I have a confession to make: I’m not much of a gardener.
Actually, I’m a terrible gardener.
I keep at it though, thinking that practice makes perfect and all.
My biggest downfall is not watering enough. You should have seen how the garden thrived when we went on holidays and the neighbours looked after it!
Watering the garden can be just another chore, on a long list of chores at the end of a tiring day.
Other days I just plain forget.
The garden grows though. But not as well as it could if I showed a little more TLC.
Basil, garlic chives and the orchid are exceptions. They seem to thrive because of my neglect rather than in spite of it (much to the frustration of my orchid loving father-in-law).
I heard Annette McFarlane say once that watering her garden in the cool of the evening, with a glass of wine in hand, listening to the birds and the insects in the trees, was one of her favourite ways to meditate.
At our house, as soon as I turn the tap on, the little fella starts nagging: “I want to water the garden! Why can’t I water the garden?” And as I’m always one to encourage the kids to learn responsibility (and to silence any further nagging) I blithely hand over the hose.
Seconds later, the little lady is grabbing at the hose screaming “ME! ME! ME!” And as they are wrestling and screaming an arc of water streams over the fence and onto the neighbour’s dry washing and I’m suddenly sprawled out on the pavers, having tripped over the hose scrambling to turn the tap off.
Surely concussion is also deeply relaxing?
So, I’m all for lazy gardening techniques. Bring on no-dig gardening and drip irrigation!
One positive outcome of garden neglect is a self-seeded garden.
Last year I planted a punnet each of rocket and cos lettuce. Six plants for $2 a punnet isn’t a bad investment considering a single cos lettuce form the green grocer doesn’t get any cheaper than $1.
And it’s such a luxury to go to the garden and pick a few leaves here and there for your salad, right before you eat it, which also extends the life of the plant and the amount you can harvest.
But here’s the cool thing. Eventually the greens went to seed (ok, they may possibly have bolted due to lack of water).
Because I didn’t pull them up, the seeds dropped everywhere and now I have dozens and dozens of little rocket and lettuce seedlings all throughout the garden (not to mention in between the pavers).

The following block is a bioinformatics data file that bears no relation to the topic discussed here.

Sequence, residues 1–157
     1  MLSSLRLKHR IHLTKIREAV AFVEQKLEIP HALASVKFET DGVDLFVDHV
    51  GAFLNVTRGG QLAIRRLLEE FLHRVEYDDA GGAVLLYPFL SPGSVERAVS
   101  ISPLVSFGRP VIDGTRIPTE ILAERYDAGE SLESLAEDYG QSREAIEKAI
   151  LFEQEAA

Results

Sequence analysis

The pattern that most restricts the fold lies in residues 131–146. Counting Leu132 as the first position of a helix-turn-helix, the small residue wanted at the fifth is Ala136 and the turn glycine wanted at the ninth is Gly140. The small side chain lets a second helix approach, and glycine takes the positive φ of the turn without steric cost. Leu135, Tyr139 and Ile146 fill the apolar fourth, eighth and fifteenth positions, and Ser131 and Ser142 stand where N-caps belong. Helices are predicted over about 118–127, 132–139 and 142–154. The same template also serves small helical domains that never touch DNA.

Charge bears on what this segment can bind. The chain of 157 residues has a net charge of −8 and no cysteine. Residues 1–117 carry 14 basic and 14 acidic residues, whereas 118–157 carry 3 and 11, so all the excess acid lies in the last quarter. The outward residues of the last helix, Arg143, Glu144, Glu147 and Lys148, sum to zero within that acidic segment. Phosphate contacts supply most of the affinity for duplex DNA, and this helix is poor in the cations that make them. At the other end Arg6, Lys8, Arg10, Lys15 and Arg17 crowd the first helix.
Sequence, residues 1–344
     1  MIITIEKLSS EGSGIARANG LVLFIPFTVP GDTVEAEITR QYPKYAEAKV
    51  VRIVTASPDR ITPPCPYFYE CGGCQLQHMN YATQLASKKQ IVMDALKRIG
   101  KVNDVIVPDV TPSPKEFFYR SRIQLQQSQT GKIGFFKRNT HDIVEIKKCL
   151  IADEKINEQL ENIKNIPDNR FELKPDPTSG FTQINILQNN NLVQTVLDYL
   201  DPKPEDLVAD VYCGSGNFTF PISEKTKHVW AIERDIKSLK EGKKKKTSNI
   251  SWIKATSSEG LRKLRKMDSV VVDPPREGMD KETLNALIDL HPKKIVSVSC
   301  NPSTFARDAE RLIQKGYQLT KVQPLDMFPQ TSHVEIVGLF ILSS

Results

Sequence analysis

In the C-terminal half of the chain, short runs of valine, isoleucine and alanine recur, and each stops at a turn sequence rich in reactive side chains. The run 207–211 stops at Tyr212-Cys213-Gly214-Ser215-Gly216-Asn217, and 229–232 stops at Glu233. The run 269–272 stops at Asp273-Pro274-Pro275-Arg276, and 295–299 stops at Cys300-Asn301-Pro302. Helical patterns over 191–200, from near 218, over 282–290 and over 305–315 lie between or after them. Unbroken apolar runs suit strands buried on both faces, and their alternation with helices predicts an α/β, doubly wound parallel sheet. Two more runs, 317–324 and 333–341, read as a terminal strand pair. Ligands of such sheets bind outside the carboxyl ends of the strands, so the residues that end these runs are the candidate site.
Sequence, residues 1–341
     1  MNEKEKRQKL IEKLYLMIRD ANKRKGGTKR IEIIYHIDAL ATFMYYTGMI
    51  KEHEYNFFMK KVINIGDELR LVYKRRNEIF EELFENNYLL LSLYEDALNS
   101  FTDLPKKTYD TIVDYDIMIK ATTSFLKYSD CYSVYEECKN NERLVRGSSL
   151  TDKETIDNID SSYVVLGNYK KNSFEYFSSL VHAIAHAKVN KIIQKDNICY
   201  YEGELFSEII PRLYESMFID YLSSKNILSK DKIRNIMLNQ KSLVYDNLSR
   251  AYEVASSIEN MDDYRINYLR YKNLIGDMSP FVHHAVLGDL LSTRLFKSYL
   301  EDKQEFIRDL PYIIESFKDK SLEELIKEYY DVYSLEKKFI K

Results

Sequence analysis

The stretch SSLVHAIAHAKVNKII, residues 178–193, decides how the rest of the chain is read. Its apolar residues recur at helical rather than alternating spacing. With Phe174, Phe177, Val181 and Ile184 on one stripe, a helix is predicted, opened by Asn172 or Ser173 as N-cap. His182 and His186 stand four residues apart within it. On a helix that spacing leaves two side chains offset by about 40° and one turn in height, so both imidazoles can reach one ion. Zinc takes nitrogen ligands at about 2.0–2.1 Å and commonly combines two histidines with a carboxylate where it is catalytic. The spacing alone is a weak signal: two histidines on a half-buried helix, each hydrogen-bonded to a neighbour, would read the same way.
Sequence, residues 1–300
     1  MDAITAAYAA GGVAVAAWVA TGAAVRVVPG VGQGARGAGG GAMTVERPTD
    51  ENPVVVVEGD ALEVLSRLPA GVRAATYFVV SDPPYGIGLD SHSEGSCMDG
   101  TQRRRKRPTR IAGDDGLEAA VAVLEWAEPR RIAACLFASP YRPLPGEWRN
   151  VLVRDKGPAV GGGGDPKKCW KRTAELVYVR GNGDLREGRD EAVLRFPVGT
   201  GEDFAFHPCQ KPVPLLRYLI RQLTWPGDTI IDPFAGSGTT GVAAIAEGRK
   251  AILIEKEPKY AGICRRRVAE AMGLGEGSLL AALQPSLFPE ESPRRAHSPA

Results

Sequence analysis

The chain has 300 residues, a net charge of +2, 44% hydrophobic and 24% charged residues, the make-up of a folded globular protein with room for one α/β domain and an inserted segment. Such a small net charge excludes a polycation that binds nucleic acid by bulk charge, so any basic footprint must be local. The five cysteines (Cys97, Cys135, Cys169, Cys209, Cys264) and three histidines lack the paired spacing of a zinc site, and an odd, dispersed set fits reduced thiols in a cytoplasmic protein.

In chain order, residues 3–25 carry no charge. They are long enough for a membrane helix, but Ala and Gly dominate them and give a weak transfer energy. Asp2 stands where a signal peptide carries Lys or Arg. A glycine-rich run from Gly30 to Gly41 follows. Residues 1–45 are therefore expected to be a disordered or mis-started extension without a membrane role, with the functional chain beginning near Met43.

I’m assuming that if left alone, this cycle could go on indefinitely. That’s a pretty good return on investment from the initial $2.
Of course, you could collect and store the seeds to replant, but that’s not quite as lazy as just letting them drop where they will.
I did eventually pull up the old plants, once they were brown and dead, but left them lying in the garden, despite DH asking me when I was going to tidy up the mess.
But leaving things looking untidy has several benefits.
Firstly, the dead plants provide mulch, helping to keep moisture in the soil. And it needs all the help it can get in that department. Especially as we’ve had quite a dry summer.
They provided protection for the little seedlings, that are popping up beneath the dead stems, from the hot February sun.
And they help keep the neighbours cat out of the garden!
Eventually, they will make good ‘dry’ matter for the compost heap, returning nutrients to the soil.
Jackie French has written some brilliant books all about this kind of lazy or ‘wilderness’ gardening technique, specifically with Australian growing conditions in mind. If you’re wanting to grow some of your own food, but you’re wondering where you’re going to find the time, Jackie’s books (particularly The Wilderness Garden (aff. link)) are a wealth of information on low maintenance, frugal gardening.
And while you’re at the library, Small Space Organics (aff. link) by Josh Byrne (from Gardening Australia) is a good source of information about establishing gardens according to permaculture principles and setting up drip irrigation systems – a great way to water the garden for lazy gardeners like me.
Gardens need some care and attention, and tending to your plants is usually a nice way to relax and reconnect with nature.
But there’s one gardening job that doesn’t get enough attention, and that is letting nature take it’s course.